Ohio State University President Gordon Gee and a host of faculty and administrators from the university visited Wright State to network and explore new partnerships.
The July 23 stop was part of Ohio State’s annual Roads Scholars Tour, a two-day traveling seminar designed to explore different corners of the state and make new connections.
“What we’ve learned over the last five years is the importance of us working together, collaborating,” said Wright State President David R. Hopkins. “By being able to show how we can step up and be a good partner with them and vice versa, we can make more things happen.”
Gee said the visit was an opportunity for him to learn more about Ohio State’s partnerships with Wright State. He said Ohio has a wealth of strong universities that should work together in order to flourish in tough economic times.
“If we don’t hang together, we’ll hang separately,” Gee said.
The Ohio State group was treated to lunch at the Student Union.
Hopkins told the group that Wright State got its start in the early 1960s as a branch campus of Ohio State and Miami universities.
“I guess you could say The Ohio State University is our daddy,” Hopkins said. “You gave birth to us. I think that’s important because we want you to be proud of us.”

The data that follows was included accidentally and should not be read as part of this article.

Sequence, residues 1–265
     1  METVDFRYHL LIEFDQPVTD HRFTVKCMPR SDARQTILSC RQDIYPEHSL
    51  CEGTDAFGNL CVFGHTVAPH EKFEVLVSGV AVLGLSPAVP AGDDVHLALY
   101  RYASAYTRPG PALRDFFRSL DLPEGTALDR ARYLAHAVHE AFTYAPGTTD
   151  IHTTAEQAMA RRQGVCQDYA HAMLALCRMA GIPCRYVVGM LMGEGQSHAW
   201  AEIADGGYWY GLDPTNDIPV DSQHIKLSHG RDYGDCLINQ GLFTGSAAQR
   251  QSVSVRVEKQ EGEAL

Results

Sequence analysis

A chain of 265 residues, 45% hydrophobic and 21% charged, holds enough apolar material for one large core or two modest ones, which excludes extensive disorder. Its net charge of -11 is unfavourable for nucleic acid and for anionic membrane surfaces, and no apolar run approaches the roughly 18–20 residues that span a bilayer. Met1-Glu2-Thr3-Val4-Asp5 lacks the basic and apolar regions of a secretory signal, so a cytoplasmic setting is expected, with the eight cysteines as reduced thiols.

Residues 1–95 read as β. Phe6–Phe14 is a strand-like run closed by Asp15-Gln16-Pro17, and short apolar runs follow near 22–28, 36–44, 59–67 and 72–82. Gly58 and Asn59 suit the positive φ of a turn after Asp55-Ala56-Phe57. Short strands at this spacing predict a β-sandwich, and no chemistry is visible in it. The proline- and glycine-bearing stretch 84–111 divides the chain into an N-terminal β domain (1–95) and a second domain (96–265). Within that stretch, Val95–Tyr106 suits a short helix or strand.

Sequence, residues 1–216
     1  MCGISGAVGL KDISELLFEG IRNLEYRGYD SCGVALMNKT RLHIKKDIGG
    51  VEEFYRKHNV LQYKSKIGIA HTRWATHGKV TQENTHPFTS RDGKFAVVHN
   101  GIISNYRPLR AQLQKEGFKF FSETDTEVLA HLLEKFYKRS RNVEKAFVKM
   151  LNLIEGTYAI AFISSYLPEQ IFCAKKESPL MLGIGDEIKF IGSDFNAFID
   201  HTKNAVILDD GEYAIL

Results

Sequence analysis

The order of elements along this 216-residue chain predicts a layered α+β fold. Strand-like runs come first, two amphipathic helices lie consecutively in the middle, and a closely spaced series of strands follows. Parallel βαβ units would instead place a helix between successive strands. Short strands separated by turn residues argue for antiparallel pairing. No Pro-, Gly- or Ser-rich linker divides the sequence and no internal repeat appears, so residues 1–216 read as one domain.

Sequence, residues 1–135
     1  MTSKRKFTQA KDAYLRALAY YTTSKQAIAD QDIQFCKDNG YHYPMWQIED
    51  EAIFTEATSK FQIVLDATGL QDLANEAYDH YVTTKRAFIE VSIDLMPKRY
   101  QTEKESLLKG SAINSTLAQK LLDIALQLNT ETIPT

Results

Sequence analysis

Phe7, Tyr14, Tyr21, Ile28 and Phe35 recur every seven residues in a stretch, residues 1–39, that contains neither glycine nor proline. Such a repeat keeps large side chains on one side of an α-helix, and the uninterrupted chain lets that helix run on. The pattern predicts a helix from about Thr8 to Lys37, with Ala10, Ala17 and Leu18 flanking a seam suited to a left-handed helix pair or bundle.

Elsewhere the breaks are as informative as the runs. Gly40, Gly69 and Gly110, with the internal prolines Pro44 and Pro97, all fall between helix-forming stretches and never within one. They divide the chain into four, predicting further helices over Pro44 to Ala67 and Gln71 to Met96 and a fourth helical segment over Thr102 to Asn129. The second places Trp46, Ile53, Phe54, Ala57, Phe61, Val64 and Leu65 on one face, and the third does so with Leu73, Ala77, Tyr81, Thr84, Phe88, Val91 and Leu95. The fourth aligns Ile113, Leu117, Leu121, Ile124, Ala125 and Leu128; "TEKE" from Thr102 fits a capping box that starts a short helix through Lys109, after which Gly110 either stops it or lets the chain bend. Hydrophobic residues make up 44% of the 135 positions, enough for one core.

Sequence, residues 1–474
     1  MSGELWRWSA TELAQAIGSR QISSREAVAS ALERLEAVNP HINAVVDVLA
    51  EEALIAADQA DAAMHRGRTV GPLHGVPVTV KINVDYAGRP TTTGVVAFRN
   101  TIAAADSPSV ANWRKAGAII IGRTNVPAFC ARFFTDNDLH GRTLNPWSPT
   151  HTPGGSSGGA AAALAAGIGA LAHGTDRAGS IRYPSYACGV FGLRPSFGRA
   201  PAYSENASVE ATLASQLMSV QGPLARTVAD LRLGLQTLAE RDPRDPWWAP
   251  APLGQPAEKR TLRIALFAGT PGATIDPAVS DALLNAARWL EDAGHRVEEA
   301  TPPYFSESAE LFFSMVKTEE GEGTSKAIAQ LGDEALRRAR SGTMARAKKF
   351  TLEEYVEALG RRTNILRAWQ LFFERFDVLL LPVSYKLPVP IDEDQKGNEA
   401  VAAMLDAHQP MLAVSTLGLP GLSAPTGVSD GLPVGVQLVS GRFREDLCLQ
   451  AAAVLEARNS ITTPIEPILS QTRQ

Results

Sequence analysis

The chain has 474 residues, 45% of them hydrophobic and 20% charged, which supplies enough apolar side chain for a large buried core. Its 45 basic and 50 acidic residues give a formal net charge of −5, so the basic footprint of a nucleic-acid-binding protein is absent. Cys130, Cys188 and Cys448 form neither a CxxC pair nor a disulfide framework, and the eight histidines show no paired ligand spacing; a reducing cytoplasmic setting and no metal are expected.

He noted that Wright State is now nationally recognized for the performing arts, its community service and its service to students with disabilities. The university also works closely with the Air Force Research Laboratory to help commercialize research.
Members of the Ohio State group were scheduled to take a tour of Wright State’s Appenzeller Visualization Laboratory, a dazzling virtual-reality center that takes visitors on journeys underneath the Earth’s surface, past factory assembly lines and even through the human bloodstream.
The Ohio State contingent also planned stops at the National Museum of the United States Air Force, the National Weather Service Forecast Office in Wilmington and the National Underground Railroad Freedom Center in Cincinnati.